It is nowhere to be found


Lydia VanDeRiet

This is a picture of the snow I love greatly.

Snow. Snow is everywhere in the winter here in Michigan. It truly does feel like Christmastime. There is snow on almost every tree, and snow all over the ground… well besides on the street. The smell is so beautiful. The forests look awesome. Everything looks sweet. I can just feel that winter’s here. And it is.

—My younger self, sometime before fourth grade.

My little mind understood the beauty of the cold. The hexagonal shapes formed by hydrogen bonding floating softly to the ground despite their knowledge of the brevity of its life.

My little mind loved the world surrounding me. The simplicity. Everything about the winter wonderland.

The snow on the trunks and branches look like little nests waiting for a bird to land on it. The snow smells like fresh ice out of a freezer (even though the snow is the real fresh ice). Some things are so small but so beautiful, like the lichen and moss on the side of the tree and the snowflakes all around us.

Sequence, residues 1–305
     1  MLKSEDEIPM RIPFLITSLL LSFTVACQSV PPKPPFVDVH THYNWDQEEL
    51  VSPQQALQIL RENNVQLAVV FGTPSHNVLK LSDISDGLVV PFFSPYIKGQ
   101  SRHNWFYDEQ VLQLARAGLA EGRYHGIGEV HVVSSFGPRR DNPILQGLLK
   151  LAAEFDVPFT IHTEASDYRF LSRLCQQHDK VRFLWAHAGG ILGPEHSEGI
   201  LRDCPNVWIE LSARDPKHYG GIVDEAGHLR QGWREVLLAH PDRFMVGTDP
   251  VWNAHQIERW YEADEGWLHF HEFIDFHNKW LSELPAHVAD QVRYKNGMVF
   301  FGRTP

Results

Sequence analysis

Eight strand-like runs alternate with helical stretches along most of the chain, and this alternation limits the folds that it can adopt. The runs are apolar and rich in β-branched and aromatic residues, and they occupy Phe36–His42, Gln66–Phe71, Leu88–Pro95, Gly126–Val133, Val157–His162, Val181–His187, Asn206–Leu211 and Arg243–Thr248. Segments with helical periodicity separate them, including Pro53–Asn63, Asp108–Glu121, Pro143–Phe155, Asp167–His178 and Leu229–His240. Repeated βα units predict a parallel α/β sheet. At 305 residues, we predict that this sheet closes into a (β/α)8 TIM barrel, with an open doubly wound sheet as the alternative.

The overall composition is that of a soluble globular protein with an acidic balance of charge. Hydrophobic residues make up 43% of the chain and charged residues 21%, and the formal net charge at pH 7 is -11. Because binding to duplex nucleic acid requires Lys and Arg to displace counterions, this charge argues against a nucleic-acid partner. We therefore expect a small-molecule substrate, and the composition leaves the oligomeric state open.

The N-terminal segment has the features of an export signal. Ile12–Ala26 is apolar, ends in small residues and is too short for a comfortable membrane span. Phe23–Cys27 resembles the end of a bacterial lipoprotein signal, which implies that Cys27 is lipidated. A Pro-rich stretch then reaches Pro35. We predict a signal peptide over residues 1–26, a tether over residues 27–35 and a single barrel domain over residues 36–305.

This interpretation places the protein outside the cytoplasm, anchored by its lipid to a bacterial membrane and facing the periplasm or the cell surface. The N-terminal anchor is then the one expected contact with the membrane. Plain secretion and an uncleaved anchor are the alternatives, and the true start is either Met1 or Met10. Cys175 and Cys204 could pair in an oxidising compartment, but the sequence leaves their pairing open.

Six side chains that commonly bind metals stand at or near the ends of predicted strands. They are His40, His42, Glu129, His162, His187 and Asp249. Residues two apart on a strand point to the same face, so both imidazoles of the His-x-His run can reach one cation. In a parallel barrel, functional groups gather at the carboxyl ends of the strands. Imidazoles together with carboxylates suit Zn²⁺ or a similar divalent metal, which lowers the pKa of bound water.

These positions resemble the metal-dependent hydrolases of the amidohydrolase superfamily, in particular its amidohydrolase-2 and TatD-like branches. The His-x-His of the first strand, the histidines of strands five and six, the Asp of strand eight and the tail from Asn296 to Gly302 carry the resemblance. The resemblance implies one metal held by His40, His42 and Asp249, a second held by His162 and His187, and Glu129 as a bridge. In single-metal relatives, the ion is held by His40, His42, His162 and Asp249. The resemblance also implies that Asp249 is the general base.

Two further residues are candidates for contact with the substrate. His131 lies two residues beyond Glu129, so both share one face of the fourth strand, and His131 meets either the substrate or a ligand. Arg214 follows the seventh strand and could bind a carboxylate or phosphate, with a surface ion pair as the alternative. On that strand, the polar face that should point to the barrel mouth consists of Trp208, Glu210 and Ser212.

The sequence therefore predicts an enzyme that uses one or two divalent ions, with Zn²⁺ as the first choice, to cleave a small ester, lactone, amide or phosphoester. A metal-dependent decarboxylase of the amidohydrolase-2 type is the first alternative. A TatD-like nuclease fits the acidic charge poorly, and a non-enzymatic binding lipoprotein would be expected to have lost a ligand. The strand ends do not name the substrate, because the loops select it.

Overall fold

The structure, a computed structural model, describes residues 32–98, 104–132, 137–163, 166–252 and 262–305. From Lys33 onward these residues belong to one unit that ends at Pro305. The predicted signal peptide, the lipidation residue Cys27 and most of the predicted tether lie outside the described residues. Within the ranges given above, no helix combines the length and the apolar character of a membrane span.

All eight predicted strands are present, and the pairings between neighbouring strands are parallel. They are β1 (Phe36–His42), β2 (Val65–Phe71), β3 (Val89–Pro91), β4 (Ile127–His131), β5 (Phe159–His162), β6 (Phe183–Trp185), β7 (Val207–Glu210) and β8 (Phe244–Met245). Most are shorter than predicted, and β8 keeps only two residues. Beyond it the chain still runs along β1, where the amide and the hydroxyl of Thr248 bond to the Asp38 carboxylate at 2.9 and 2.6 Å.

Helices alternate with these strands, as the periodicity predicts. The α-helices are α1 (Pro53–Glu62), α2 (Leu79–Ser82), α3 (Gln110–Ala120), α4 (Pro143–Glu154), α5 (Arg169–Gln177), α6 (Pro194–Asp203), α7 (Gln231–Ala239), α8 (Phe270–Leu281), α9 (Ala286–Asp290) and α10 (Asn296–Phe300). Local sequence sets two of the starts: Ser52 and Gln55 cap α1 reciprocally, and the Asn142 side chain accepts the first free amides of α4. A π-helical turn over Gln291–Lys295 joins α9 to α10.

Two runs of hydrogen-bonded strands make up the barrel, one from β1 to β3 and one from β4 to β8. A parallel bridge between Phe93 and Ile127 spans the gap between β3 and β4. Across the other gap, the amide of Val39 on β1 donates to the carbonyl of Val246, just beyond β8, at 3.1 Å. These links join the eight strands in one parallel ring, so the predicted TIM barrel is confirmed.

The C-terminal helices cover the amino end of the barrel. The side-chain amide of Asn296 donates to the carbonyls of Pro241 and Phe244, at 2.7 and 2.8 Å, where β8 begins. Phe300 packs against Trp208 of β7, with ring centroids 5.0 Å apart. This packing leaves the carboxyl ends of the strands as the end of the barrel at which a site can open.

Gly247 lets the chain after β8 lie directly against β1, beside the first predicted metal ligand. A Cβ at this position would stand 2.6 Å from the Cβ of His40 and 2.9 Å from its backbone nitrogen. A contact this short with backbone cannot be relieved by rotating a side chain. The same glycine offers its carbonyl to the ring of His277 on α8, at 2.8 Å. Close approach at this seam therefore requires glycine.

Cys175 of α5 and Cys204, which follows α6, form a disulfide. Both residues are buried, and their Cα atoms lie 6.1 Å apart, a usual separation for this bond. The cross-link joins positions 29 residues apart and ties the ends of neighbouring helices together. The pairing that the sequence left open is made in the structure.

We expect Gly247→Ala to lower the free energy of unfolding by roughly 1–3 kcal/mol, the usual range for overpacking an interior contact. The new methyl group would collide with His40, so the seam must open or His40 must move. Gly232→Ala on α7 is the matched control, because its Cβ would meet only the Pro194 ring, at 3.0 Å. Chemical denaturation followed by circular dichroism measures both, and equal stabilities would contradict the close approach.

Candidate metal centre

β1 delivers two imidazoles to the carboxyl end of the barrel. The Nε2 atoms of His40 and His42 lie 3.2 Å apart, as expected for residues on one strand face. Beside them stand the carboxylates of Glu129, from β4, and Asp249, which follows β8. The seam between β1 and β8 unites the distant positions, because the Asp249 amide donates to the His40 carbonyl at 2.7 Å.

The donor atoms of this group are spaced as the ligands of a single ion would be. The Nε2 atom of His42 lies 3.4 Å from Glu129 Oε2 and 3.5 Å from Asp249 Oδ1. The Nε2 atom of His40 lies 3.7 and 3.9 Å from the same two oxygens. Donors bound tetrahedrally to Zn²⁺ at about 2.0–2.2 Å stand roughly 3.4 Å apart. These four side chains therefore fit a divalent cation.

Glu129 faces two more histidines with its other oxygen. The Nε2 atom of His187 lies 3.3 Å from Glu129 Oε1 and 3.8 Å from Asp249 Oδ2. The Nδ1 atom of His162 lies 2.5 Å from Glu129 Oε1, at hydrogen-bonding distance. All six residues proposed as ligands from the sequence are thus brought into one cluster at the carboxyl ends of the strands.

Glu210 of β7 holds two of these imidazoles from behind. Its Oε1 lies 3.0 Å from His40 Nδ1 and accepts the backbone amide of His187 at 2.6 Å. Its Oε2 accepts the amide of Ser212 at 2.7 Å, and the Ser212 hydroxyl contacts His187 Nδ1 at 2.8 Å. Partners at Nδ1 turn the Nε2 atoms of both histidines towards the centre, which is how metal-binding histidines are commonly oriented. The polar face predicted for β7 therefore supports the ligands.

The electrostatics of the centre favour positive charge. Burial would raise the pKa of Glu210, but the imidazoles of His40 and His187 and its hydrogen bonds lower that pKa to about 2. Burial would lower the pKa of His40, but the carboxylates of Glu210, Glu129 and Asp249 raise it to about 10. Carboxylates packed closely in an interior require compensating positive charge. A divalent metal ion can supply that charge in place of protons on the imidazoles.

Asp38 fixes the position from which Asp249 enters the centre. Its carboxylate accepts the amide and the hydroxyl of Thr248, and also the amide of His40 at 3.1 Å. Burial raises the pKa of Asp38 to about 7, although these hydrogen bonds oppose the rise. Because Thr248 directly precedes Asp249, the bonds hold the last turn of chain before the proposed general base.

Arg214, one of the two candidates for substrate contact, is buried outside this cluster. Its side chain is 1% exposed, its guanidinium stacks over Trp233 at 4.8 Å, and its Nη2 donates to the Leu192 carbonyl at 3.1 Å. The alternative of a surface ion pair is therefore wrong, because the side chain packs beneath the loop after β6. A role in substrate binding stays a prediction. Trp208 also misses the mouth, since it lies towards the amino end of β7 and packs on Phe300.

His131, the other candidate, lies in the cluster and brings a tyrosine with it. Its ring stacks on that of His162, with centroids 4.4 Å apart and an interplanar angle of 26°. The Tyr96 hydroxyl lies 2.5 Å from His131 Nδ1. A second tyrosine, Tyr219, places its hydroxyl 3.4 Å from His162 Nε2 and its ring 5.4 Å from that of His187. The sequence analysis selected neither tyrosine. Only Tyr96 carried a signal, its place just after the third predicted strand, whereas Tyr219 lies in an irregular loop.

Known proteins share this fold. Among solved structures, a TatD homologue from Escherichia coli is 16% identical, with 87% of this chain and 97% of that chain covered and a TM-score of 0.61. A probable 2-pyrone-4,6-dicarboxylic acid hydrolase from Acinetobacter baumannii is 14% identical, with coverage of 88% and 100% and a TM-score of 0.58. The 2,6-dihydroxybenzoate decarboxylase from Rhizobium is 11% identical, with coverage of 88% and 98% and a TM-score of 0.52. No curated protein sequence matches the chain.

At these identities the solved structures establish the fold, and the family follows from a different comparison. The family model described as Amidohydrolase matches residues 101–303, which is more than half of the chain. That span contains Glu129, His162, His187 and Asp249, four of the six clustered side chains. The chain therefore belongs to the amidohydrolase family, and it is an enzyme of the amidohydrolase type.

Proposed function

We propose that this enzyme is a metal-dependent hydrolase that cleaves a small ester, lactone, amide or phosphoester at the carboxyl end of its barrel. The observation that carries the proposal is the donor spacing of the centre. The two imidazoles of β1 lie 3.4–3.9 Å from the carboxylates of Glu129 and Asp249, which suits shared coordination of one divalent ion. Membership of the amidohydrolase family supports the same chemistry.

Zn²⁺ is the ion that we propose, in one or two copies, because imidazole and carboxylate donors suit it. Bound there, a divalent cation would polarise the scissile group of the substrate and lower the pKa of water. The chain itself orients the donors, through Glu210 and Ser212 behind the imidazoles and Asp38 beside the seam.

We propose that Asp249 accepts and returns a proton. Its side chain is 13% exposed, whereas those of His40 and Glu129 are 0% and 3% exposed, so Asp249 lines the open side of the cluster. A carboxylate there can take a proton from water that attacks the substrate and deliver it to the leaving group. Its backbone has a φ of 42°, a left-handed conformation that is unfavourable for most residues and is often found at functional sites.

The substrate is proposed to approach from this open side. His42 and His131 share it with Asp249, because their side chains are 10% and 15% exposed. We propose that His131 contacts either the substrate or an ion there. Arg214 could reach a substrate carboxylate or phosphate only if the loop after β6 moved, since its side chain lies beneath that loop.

—My fifth-grade self, January 16, 2015.

Where is the snow?

I remember the times when it came in the fall. The winter equinox was light-years away yet lightly or harshly it came tumbling in October, November, or December. Not just for two days like it did this year, it stayed longer.

The snow days came as I danced the “Snow Dance,” though I didn’t need to. The snow was already coming.

The snow is finally here, coming in swift flurries. The bittersweet air is brushing my cheeks, making them turn as red as roses. The intricate patterns of the snowflakes are landing anywhere they fly to.

—My sixth-grade self, December 18, 2015.

Maybe it’s not late. Maybe sitting inside wasting away my days staring at a computer has changed my sense of time. But I know it wasn’t always like this. I know the snow used to come earlier.

So what is it?

Is it global warming?

Am I just being a needy snow lover?

Is it the sickness in the world?

The winter equinox was light-years away yet lightly or harshly [snow] came tumbling in October, November, or December.”

Is it just a different time every year so we never get attracted to schedules?

The sun peeking through the clouds and trees making the snow shiny and shimmery like diamonds or glass. Not just the pure snow glistens but also the tracks the animals left behind.

— My sixth-grade self, January 7, 2016.

I miss the days sitting in the cold taking in the world around me. I miss the days where I just sat outside and smelled the difference between fall and winter and spring.

I miss the natural sparkles everywhere I look.

I miss the quiet noise of the forests with the soft pattering of snow falling with Blue Jays and Chickadees in the distance.

I miss the blanket that lays over the world.

The snow can’t come soon enough.